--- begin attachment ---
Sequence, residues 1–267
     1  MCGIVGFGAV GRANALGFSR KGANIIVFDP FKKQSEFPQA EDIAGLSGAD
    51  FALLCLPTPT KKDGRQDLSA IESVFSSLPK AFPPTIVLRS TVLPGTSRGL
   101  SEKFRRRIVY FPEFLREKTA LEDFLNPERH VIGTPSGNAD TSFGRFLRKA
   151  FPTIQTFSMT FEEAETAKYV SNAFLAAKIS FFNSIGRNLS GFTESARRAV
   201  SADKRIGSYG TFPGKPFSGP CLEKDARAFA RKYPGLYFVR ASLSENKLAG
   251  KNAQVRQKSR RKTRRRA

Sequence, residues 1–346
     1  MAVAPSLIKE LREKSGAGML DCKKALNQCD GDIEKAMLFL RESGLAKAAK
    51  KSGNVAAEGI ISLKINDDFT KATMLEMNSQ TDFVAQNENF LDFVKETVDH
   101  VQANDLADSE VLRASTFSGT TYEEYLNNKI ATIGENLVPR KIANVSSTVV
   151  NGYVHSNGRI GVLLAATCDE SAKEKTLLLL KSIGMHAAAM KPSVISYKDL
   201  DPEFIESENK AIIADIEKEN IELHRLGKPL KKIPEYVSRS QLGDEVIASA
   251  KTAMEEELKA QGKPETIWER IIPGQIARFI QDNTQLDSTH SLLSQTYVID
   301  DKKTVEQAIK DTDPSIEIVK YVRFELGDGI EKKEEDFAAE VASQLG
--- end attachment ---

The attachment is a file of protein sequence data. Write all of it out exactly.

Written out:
Sequence, residues 1–267
     1  MCGIVGFGAV GRANALGFSR KGANIIVFDP FKKQSEFPQA EDIAGLSGAD
    51  FALLCLPTPT KKDGRQDLSA IESVFSSLPK AFPPTIVLRS TVLPGTSRGL
   101  SEKFRRRIVY FPEFLREKTA LEDFLNPERH VIGTPSGNAD TSFGRFLRKA
   151  FPTIQTFSMT FEEAETAKYV SNAFLAAKIS FFNSIGRNLS GFTESARRAV
   201  SADKRIGSYG TFPGKPFSGP CLEKDARAFA RKYPGLYFVR ASLSENKLAG
   251  KNAQVRQKSR RKTRRRA

Sequence, residues 1–346
     1  MAVAPSLIKE LREKSGAGML DCKKALNQCD GDIEKAMLFL RESGLAKAAK
    51  KSGNVAAEGI ISLKINDDFT KATMLEMNSQ TDFVAQNENF LDFVKETVDH
   101  VQANDLADSE VLRASTFSGT TYEEYLNNKI ATIGENLVPR KIANVSSTVV
   151  NGYVHSNGRI GVLLAATCDE SAKEKTLLLL KSIGMHAAAM KPSVISYKDL
   201  DPEFIESENK AIIADIEKEN IELHRLGKPL KKIPEYVSRS QLGDEVIASA
   251  KTAMEEELKA QGKPETIWER IIPGQIARFI QDNTQLDSTH SLLSQTYVID
   301  DKKTVEQAIK DTDPSIEIVK YVRFELGDGI EKKEEDFAAE VASQLG